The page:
However, an agency transportation need arose that the center was uniquely qualified to assist. Waivers were approved for the Mars 2020 rover mission because it was an agency level requirement that was second only to the International Space Station.
To assist in transportation challenges, Airborne Science aircraft were modified to meet the need. The effort required waivers from agency and center officials for the modifications and coordination in a telework environment with as few people on site as necessary for the work to happen safely, Asher said.
“NASA Armstrong’s Gulfstream-III No. 808 in particular was not configured for passenger transport because it was in modification status and it was a big effort to re-configure it,” he explained. “We did that without a single COVID-19 case.”
As a result, the aircraft based at Armstrong was able to transport critical scientists and engineers from the Jet Propulsion Laboratory to Kennedy Space Center to support the Mars 2020 mission.
“The launch window for the Mars 2020 mission was very narrow and if it was missed, a 24-month delay would have cost nearly $1 billion,” Asher added.
NASA Armstrong aircraft were used to safely transport personnel for four months, flying 82 flights and 283 hours in support of this mission, successfully meeting the launch date. Also, the center took on additional missions moving U.S. astronauts between the SpaceX Corporation facility in Los Angeles, California to Houston, Texas and NASA’s Kennedy Space Center in support of SpaceX DM-2, the first launch of American astronauts from American soil on American Rockets in more than seven years.
Thomas Zurbuchen, associate administrator of the Science Mission Directorate, said with regard to the center’s contingency transport efforts: “One of the best demonstrations of ‘One NASA’ I’ve seen in a while is playing out right now with our Perseverance rover. Together we are persevering.”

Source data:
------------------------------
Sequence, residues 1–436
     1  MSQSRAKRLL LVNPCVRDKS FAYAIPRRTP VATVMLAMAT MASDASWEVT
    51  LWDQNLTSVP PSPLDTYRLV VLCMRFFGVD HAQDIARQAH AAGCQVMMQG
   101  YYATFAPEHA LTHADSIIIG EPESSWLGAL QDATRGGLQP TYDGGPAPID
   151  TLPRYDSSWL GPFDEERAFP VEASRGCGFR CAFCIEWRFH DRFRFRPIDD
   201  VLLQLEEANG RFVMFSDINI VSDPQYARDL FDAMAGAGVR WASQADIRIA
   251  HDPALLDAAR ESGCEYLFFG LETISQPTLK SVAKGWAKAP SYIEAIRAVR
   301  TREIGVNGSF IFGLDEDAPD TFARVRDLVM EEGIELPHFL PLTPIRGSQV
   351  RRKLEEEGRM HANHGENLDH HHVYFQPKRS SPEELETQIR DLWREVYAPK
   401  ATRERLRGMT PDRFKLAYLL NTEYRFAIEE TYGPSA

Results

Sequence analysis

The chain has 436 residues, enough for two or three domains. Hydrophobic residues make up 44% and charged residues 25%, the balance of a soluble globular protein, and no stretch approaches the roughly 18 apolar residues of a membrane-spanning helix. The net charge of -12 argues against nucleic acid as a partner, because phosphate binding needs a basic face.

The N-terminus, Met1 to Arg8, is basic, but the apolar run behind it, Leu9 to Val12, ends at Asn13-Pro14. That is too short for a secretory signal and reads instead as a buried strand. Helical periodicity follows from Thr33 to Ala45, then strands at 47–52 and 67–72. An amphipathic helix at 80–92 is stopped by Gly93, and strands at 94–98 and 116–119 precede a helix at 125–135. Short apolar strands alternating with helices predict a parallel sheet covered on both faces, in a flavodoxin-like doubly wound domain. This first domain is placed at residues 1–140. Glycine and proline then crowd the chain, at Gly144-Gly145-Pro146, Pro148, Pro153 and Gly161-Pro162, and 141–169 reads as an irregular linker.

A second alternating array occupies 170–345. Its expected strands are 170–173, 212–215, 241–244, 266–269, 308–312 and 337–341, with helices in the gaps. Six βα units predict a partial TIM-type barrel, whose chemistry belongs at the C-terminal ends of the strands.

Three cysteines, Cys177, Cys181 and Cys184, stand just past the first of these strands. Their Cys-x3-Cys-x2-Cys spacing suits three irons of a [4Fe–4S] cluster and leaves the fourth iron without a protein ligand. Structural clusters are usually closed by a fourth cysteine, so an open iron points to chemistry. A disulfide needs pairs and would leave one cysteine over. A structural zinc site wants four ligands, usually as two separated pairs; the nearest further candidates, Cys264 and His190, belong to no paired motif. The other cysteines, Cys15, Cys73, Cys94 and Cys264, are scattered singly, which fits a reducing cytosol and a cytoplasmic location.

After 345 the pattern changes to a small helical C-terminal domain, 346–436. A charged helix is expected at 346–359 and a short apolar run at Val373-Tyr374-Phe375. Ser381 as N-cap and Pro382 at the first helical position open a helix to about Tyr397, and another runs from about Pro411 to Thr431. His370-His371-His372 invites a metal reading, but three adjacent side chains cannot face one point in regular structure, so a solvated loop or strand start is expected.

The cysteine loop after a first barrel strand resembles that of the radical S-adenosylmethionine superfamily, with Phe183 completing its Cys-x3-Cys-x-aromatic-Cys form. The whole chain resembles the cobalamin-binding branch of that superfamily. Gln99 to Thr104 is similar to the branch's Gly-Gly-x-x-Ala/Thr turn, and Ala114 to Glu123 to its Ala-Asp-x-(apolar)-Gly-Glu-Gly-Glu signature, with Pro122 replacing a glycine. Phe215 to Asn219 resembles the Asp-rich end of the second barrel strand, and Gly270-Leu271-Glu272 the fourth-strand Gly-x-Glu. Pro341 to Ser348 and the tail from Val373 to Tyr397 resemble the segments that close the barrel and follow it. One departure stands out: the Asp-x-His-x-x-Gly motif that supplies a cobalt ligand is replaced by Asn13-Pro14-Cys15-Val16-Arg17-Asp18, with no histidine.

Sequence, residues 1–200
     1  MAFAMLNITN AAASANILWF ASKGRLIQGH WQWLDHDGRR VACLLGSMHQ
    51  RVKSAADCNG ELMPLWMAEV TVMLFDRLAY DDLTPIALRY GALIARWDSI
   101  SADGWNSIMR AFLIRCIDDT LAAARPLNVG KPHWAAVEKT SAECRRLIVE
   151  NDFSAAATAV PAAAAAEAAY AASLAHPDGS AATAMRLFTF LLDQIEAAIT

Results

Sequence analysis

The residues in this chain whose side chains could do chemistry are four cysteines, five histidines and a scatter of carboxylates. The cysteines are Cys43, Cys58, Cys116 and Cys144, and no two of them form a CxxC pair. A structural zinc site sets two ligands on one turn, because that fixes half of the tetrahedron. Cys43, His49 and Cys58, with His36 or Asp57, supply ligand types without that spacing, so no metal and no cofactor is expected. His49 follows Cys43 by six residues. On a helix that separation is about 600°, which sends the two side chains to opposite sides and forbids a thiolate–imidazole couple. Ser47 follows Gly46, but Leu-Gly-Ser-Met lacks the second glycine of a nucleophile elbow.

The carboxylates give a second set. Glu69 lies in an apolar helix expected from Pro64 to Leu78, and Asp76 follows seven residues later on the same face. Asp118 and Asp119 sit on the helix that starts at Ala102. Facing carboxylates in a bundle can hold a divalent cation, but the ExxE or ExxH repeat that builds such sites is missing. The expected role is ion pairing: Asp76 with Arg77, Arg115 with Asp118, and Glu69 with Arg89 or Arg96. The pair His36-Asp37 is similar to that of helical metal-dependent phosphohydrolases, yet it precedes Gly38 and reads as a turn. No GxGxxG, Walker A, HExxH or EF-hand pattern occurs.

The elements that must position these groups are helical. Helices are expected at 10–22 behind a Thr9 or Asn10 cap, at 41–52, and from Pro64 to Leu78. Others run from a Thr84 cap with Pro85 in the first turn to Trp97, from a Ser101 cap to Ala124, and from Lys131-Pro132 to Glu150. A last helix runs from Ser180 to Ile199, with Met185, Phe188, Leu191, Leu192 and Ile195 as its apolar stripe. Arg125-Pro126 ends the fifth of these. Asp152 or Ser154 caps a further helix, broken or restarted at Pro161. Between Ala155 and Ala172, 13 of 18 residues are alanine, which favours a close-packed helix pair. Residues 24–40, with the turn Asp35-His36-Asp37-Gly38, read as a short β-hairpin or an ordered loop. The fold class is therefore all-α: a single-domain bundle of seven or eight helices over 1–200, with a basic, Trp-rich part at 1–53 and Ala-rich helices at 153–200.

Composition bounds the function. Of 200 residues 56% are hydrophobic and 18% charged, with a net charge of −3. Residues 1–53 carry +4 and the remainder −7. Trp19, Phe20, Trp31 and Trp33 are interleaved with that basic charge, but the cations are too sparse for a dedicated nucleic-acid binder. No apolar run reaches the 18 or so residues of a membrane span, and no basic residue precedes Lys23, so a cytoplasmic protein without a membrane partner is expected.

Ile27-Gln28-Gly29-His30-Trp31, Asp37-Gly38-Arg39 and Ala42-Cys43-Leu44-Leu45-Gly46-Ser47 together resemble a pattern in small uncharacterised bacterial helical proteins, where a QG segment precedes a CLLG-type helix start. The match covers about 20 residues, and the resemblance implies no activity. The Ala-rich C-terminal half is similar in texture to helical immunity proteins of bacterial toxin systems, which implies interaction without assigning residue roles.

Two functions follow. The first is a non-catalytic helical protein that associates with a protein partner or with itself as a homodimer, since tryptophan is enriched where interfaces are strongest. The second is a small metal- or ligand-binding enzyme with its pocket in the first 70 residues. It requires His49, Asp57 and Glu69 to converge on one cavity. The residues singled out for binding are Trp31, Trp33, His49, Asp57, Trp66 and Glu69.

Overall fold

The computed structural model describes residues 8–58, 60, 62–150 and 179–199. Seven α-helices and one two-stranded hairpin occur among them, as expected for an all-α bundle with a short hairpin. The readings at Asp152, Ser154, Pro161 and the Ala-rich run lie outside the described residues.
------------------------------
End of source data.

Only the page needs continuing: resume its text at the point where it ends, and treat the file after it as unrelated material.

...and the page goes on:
NASA Armstrong uses 18 different performance measures and metrics to gauge the success of its flight operations. These measures are designed to evaluate the effectiveness of the center’s research operation from end-to-end including aircraft generation ability (maintenance), logistics, scheduling, and actual flight rates. Some examples include pilot hours required and flown, aircraft availability by various tail numbers, categories and mission types, and mission cancelation rate.
“It’s not so much about the metric and having something to look at, it’s all about what you’re trying to do,” Asher explained. “It’s about your goal and improving. If you have a particular goal, you’ve broken down the process by which you will make that goal, then you can find areas of that process to improve. We can always improve.”
The greatest effort is placed on areas that need improvement.
“That which is measured improves,” he said. “If you don’t measure it, how are you ever going to get better? You can put something in place to improve that process and you can watch that metric go up.”
One area Asher said the center is working to approve is ensuring F-15D aircraft are available to support X-59 flights.
“We are looking at our support aircraft and know the F-15D is the platform we need to measure the shockwave on the X-59,” he said. “To do that we are working on ensuring we have the right staff, maintenance knowledge and replacement parts and logistics improvements.”
How the aircraft fleet is used is also evolving. For example, the F-18s are undergoing upgrades and the focus is on phase inspections to improve availability and reliability and possibly transfer some projects form F-15Ds to the F-18s.
“With a team like this with a common goal and everyone focusing on the same thing, there’s no limit to what you can do,” Asher said.